After a few weeks of our 19 month old child attending Costa Rican nursery, my wife and I started noticing him smelling rather fresh (good fresh, not “fresh”) upon his return from the daycare centre. We assumed he was getting big hugs from a perfume-wearing woman at the nursery. When we asked some other parents about that great smell, we were told “that’s not perfume, that’s baby cologne!”
Apparently, babies all over Costa Rica wear Baby Magic by Mennen cologne. The before-sending-home-from-nursery-ritual:
1. Tuck uniform T-shirt into shorts (you can’t have an untucked toddler)
2. Comb hair with a tidy side-part
3. Apply baby cologne to shirt, neck and hair
From a brand perspective, it got me thinking about smells. Only music comes close in its brain imprint, but smell is by far the most powerful of the senses. Can anyone forget the smell of Johnson’s Baby Powder? Kentucky Fried Chicken? Starbucks Coffee? A Lush store?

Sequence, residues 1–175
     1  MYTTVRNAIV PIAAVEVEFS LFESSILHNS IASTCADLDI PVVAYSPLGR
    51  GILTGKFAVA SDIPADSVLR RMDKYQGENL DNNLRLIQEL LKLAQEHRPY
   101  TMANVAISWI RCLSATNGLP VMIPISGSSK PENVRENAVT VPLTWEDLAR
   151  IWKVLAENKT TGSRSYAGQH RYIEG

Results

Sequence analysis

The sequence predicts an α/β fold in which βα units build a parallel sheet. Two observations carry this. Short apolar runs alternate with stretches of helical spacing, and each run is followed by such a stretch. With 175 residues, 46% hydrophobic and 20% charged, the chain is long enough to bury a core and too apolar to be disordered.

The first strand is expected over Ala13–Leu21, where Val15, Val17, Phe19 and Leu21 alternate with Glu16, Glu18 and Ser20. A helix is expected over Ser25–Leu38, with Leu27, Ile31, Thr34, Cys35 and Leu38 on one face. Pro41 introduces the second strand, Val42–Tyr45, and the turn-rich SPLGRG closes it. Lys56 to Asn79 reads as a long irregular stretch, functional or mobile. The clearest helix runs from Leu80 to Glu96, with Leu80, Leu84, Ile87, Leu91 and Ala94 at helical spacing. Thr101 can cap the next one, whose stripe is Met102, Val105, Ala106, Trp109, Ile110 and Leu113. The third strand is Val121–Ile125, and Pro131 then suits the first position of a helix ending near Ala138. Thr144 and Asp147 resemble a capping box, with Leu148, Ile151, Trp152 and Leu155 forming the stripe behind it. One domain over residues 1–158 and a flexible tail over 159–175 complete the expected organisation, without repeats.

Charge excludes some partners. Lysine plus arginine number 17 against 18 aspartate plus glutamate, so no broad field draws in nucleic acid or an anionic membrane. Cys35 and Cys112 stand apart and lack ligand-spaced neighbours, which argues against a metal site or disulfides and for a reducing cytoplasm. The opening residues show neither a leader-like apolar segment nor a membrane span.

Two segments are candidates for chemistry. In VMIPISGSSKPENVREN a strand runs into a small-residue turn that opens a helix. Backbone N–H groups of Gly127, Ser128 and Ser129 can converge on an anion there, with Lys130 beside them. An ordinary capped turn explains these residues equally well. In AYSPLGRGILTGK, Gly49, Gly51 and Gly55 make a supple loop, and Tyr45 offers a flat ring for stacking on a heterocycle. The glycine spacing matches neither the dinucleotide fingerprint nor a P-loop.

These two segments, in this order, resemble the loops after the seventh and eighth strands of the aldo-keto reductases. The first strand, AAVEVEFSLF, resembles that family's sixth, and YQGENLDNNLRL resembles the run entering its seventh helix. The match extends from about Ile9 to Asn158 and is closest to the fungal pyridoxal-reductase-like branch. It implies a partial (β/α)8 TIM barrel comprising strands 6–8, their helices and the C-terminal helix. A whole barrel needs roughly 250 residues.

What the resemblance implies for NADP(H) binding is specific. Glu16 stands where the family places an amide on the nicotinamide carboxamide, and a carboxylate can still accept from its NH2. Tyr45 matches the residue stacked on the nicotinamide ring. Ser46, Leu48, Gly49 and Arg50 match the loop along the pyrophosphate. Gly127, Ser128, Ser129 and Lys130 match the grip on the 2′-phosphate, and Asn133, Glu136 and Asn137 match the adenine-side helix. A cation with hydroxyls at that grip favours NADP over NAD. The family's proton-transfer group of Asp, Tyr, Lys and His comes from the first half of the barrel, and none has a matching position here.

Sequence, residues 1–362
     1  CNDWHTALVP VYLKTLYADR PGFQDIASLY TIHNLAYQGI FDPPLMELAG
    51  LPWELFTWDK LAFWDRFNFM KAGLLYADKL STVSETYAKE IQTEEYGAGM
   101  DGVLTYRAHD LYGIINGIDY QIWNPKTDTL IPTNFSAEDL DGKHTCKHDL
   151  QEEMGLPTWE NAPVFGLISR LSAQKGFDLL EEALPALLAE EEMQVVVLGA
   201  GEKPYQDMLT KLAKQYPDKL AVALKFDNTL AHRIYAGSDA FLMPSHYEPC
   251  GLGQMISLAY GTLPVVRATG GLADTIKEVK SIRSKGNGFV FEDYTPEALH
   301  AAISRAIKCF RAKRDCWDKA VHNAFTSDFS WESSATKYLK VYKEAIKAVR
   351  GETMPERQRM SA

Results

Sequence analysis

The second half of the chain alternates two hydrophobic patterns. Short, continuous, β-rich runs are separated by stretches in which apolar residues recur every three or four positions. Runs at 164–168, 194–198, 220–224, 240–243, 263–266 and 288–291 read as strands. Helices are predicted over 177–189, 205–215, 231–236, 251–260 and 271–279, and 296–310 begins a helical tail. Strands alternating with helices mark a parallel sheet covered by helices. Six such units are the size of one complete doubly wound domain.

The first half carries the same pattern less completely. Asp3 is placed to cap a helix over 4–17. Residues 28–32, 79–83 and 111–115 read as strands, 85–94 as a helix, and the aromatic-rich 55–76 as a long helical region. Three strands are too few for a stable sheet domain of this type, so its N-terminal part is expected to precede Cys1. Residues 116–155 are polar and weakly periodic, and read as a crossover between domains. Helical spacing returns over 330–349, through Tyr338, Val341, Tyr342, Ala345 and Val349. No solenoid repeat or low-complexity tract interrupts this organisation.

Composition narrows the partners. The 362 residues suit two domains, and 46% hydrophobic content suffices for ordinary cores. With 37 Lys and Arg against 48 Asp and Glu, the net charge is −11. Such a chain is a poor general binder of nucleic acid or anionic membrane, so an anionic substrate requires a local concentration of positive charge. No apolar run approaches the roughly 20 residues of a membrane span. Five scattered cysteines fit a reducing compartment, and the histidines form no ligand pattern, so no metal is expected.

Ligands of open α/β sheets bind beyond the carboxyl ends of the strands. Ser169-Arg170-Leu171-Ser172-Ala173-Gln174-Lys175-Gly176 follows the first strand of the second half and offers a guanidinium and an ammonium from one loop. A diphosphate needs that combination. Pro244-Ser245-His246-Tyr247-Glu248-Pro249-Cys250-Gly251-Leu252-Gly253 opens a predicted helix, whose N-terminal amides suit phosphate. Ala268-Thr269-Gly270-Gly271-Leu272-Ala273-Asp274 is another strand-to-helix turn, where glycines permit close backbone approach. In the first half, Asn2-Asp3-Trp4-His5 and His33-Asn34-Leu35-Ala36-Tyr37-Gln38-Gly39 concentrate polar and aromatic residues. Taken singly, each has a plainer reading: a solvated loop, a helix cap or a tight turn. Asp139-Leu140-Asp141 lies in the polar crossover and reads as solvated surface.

The significance of Baby Cologne lies in the fleeting nature of babyhood. Leo is already 2 years old, and we know from our older son that they don’t stay baby-like for long. Still beautiful, more interesting, but they become different people very quickly, and they do it every day.
Imagine having that Baby Cologne association all through baby/toddlerhood, then dabbing that Baby Cologne by Mennen on them again 6 years later. The brain responds powerfully with floods of memories and emotions from those innocent days. Baby Cologne isn’t about fresh babies. It’s about time stamps and memories of a period normally only served visually by pictures and videos.
Too bad Halifax (Canada) City Council would never stand for it. They don’t let anyone (including kids at school) wear anything scented, because of allergies.